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Sinaloa drug cartel operative testifies at 'El Chapo' trial

The trial is expected to last four months.


Joaquin "El Chapo," Guzman Loera is on trial for drug-related offenses in Brooklyn federal court. Photo Credit: Charles Reed/U.S. Immigration and Customs Enforcement via Getty Images

A former top operative in the Sinaloa cartel described how he doled out $300,000 monthly to government officials in Mexico City to win protection for drug operations, in new testimony Thursday at the Brooklyn federal court trial of accused cartel leader and cocaine kingpin Joaquin "El Chapo" Guzmán Loera.

Jesus “Rey” Zambada Garcia said he paid bribes on orders of his brother, cartel co-leader Ismail “Mayo” Zambada Garcia, and Guzmán to federal police, judicial police, municipal police, the attorney general’s office, known as the “PGR,” as well as airport officials, generals and even Interpol.

"He would say, ‘Give half a million dollars to the attorney who was going to give it to the director of the PGR,” Zambada recalled. “Give another $500,000 to a general. They did it using lawyers, but I was the one who gave out the money in Mexico City.”

Guzmán, 58, is on trial for leading a drug trafficking operation that smuggled $14 billion in cocaine as well as heroin, marijuana and methamphetamines into the United States over a quarter century, and is charged with using bribery, violence and intimidation to maintain control of the enterprise.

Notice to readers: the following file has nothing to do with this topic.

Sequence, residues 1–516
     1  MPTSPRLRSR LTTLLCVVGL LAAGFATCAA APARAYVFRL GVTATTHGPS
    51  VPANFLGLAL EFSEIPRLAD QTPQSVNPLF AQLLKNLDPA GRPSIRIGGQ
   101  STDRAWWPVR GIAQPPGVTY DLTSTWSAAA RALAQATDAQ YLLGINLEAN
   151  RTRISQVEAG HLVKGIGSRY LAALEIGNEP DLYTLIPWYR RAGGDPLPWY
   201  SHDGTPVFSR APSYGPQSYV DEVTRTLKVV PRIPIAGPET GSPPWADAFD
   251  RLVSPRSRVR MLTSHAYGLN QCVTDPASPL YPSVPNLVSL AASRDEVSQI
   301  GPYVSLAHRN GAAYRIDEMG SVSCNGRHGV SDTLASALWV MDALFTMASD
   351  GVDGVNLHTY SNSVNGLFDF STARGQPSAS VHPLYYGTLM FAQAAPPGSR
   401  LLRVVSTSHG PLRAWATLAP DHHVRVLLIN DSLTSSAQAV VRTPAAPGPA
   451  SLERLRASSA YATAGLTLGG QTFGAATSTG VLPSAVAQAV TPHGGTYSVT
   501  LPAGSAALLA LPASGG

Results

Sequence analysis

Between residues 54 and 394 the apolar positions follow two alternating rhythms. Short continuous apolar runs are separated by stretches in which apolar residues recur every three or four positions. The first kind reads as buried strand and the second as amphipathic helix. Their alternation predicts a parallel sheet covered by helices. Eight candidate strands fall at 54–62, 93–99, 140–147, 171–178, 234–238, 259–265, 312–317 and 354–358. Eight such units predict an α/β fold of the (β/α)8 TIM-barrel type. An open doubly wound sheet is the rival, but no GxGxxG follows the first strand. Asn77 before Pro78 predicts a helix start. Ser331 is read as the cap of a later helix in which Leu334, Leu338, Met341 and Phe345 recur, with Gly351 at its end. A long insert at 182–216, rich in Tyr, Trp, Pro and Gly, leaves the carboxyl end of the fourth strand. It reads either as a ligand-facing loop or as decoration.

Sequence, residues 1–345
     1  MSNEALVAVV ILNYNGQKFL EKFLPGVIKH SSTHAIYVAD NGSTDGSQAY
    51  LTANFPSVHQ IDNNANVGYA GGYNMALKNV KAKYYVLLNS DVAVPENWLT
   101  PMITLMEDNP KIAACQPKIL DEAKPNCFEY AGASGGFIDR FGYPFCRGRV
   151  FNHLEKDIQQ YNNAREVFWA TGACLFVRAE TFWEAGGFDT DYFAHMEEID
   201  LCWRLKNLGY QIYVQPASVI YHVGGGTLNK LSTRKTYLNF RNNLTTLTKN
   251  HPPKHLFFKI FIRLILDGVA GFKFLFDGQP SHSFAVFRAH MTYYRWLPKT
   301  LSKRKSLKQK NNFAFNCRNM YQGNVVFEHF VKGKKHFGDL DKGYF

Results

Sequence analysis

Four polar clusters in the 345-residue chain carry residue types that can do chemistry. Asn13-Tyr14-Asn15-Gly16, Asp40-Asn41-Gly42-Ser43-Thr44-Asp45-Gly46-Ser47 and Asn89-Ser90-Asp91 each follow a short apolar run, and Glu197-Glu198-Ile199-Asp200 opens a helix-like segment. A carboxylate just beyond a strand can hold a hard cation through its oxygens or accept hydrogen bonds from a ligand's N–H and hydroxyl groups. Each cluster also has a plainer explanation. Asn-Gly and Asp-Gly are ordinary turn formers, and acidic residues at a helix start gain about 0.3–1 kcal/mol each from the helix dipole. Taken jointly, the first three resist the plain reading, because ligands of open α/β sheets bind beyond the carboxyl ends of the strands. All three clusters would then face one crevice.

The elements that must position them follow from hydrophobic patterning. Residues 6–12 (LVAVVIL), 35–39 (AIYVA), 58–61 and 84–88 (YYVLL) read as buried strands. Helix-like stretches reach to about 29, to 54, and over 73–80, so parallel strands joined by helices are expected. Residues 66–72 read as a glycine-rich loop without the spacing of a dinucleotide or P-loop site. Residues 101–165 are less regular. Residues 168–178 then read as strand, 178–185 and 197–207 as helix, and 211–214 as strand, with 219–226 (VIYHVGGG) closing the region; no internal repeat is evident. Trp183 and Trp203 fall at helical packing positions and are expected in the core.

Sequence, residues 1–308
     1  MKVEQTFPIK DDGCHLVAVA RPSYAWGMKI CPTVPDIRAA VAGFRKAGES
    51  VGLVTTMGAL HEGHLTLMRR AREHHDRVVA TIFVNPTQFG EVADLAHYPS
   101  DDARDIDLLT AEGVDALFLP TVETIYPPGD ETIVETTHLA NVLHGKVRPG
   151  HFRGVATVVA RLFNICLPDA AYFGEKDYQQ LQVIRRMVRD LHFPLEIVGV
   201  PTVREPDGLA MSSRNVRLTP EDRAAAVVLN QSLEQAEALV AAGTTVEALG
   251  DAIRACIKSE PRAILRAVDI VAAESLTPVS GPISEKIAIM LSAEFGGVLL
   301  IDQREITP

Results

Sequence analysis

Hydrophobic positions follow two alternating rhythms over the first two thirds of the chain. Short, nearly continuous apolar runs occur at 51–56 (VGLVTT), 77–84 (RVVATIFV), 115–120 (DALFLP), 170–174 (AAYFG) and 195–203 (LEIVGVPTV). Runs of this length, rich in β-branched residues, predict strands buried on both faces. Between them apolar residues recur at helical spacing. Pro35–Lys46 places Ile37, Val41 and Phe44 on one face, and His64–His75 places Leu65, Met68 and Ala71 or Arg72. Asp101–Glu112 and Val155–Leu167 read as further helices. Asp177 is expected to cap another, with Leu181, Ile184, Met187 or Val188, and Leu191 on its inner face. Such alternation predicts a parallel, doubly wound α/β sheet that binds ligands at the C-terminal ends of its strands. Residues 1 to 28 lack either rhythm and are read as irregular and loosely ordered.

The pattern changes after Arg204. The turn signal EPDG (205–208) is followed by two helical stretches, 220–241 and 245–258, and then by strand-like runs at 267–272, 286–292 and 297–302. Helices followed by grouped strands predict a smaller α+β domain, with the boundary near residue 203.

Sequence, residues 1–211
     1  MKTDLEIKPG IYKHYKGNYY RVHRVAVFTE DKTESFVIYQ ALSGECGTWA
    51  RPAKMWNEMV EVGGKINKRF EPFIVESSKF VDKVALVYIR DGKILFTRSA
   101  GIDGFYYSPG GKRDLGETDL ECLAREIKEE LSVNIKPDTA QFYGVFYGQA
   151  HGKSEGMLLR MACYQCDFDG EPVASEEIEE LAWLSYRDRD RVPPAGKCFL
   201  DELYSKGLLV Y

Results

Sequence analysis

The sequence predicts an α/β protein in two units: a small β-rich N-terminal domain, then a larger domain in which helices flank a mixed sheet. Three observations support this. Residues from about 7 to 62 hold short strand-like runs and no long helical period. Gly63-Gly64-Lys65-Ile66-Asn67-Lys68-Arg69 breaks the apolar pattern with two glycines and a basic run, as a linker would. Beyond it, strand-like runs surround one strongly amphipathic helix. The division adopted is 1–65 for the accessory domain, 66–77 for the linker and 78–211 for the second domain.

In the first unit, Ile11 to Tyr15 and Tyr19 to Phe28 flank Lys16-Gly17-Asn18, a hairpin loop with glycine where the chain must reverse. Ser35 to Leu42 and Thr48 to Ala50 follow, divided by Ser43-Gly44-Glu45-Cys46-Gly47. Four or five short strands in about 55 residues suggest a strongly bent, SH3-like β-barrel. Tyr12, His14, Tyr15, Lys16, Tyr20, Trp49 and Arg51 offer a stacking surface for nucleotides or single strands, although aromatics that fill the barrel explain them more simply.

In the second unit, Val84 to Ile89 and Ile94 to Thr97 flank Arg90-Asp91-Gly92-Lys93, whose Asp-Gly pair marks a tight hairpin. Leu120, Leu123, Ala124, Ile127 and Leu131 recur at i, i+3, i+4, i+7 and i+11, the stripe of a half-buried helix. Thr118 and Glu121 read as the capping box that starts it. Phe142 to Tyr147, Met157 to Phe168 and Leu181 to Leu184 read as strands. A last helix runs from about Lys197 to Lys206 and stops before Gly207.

Zambada is the first of an expected 16 informants to testify at the trial. On his second day on the stand Thursday he detailed strategies the cartel used to sneak drugs through Mexico and across the U.S. border, told jurors about an attempt on his life that left his head bleeding from a bullet graze, and fingered Guzmán in a notorious 1992 nightclub shooting that left bystanders dead.

In addition to gas tankers with hidden compartments and cross-border tunnels devised by Guzmán, Zambada described how the cartel would switch from large trucks to small shipments of 20 to 50 kilos hidden in passenger cars when U.S. border official started large, active interdiction efforts.

“It’s much harder for the authorities to detect them because on the same day thousands of vehicles are crossing,” he said. “With 10 cars with 20 kilos each, if you lose one, you’ve lost 20. That’s not a lot. . . . It’s the ‘ant-speed’ operation’ to cross the drugs.”

Zambada also detailed the first of several drug turf wars, the battle pitting his brother, Guzmán and the cartel against the Arellano-Felix group for control of crossings in Tijuana, Mexico, in the 1990s. That led to his attempted murder by rival sicarios in a store, which he barely survived, and later Guzmán’s bid to rub out an Arellano-Felix sicario leader named Ramon at Christine’s, a disco in Puerto Vallarta, Mexico.

Ramon escaped, but several of his gunmen and several clubgoers were killed. Afterward, Zambada testified, his brother was “lamenting” the outcome because Ramon “was a very dangerous enemy” and had gotten away.

The trial is expected to last four months.


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